Learn your scales and arpeggios
Cage system approach? Learning triads? Arpeggio patterns for each chord? Switching scale to target chord? Something else?
Yes, all of them. I wouldn't worry about CAGED vs another fingering system necessarily. There are pros and cons to each but most people choose either CAGED or "3 notes per string". You can try both eventually. For now just pick a system that works for you and start learning your scales. But knowing your major scales really well is probably your first priority.
Also pentatonic scales—if you don't know them already—are really helpful especially for blues, rock and pop. I'd actually probably start there if you haven't already.
Then move on to both triads and 7th chord arpeggios within whatever system you've chosen. So given a C major scale: C, D, E, F, G, A, B, you should be able to start from a position in the major scales you've learned and play the arpeggios that are diatonic to that scale (CMaj7, Dm7, Em7, FMaj7, G7, Am7, Bm7b5). So C (C, E, G), Dm (D, F, A), Em (E, G, B), etc. Or CMaj7 (C, E, G, B), Dm7 (D, F, A, C), etc.
Eventually you'll want to know melodic minor, harmonic minor, and more. But you can get really far with just major scales and arpeggios.
Don't worry about learning it all before you start improvising. Start with one scale pattern or whatever and once you get it under your fingers immediately start improvising with it. Then pick up another pattern or scale or arpeggio the next day/week/whatever.
Know what notes you're playing
When you play these things make a conscious effort to sing, say, or think the note that you're playing as well as the degree of the scale and/or chord it is. Because of the way fretboard shapes are so easily movable/transposable, guitarists have a tendency to rely on only shapes.
But knowing what notes you're playing and even better how it relates to the underlying chord/scale is important to your goal of improvising. Within a given chord it makes it easier to work with tension and release. And when connecting chords it makes much easier to map that path if you know what chord tone you're on and which one you're headed to on the next chord.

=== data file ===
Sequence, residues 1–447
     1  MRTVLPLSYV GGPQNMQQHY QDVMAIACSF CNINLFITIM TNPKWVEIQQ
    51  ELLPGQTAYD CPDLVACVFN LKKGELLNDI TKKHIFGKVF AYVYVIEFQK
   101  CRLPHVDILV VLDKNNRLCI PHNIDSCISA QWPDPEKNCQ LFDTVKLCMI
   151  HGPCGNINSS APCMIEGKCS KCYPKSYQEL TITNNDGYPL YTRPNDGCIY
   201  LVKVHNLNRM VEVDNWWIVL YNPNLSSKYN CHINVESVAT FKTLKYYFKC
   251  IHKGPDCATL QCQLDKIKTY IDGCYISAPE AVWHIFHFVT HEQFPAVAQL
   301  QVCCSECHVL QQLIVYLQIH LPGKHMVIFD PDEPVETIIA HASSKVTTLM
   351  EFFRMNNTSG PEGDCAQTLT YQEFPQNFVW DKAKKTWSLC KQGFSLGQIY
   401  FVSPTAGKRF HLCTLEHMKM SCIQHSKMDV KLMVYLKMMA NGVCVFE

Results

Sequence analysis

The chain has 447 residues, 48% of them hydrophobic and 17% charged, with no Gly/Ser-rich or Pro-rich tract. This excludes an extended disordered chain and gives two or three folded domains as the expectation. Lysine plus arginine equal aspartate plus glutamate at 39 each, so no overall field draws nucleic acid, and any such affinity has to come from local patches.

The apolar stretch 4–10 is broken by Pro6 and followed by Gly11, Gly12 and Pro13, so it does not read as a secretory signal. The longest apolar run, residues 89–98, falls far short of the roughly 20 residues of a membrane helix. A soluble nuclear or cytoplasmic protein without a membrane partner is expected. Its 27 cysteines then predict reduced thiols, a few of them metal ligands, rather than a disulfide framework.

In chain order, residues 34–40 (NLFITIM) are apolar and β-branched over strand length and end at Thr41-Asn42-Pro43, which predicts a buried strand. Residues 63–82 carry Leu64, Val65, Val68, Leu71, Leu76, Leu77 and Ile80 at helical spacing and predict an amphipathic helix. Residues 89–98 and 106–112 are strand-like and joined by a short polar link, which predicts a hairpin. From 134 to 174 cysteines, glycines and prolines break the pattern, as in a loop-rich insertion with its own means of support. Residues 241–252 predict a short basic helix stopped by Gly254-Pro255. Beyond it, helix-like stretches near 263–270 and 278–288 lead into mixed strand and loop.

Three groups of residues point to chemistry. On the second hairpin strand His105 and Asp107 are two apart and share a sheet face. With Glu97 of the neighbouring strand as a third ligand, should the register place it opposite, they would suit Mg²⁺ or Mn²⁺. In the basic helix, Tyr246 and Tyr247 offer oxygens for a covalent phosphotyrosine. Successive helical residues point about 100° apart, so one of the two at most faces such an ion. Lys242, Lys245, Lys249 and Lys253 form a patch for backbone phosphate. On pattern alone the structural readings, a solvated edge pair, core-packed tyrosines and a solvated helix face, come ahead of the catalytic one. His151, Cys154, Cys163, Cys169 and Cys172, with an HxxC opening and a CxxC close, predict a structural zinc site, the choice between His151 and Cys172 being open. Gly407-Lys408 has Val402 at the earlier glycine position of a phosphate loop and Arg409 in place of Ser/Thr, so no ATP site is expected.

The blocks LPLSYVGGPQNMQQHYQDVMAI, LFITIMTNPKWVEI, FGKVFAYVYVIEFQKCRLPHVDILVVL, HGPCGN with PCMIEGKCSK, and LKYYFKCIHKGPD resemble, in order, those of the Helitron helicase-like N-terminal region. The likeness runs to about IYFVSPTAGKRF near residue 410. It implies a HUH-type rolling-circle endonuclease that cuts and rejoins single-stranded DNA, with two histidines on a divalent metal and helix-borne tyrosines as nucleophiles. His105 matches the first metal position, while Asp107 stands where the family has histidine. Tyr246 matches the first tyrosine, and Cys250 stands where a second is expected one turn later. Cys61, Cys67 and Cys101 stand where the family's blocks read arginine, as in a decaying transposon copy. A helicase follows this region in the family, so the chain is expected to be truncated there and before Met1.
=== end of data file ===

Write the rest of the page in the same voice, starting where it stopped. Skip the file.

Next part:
Don't get stuck just practicing
Play these scales and arpeggios but don't get stuck on practicing them in isolation. Quickly move on to using them over chords melodically.
Also while it's helpful to do a bit of isolation work to hear how various scales and arpeggios sound over a particular chord, don't get stuck doing that either. Quickly move on to playing over whole progressions and whole tunes.
While you should do some daily work on learning the fretboard and theory, the bulk of your practice time should be playing music because otherwise what's the point of any of it.
Connect the changes well
When you practice over changes one thing you'll want to put some focus on is connecting from one chord to the next. It usually doesn't sound good when you suddenly jump from one idea or scale or whatever when the chord changes. "You want to play through the changes and not over them" (I wish I knew who to attribute this quote to, I think maybe it was Jimmy Bruno). "Target notes" and "guide tones" are something to look into.
Also try using sequences in your lines. So when you play a motif or idea over one chord, try transposing and restating that idea again over the next chord. You can keep the melodic the idea the same but slightly vary the rhythm and articulation to make it feel a bit different.
Slow it down
It may be helpful to slow down to a rubato (free of tempo) so that you can really think about what you're playing and how to connect to the next thing. Go as slow as you need to so that you can think about your pathway through the changes. Do count though. So maybe restrict yourself to playing 8th notes and count 1 & 2, etc in your head so you know when the chord change is coming up but don't worry about doing it at tempo.
Compose lines, too
And ultimately your goal is improvisation, but that doesn't mean you have to be doing that all the time. Try composing some lines and then playing them. Even if you don't want to do that for an actual performance, it's helpful for trying out new techniques and analyzing what's possible without having to worry about actually playing it correctly yet. You mentioned you've done this, but I think you should try more later once you get some more of the theory in your head. It's especially helpful for things like connecting changes (as is the rubato technique).
Listen to other solos you like, figure them out, and then analyze them. It many not feel creative or in the spirit of improvising but it's something everybody does and important part of learning especially when it comes to the idiomatic differences between genre. The things I've mentioned so far apply to all genres but if you want a jazz, or metal, or blues sound then you need to listen to those types of music and figure out how those lines are made up. You don't need to play them exactly like the recording or even use them in your own performances at all. But the process of transcribing and dissecting them will teach you a lot.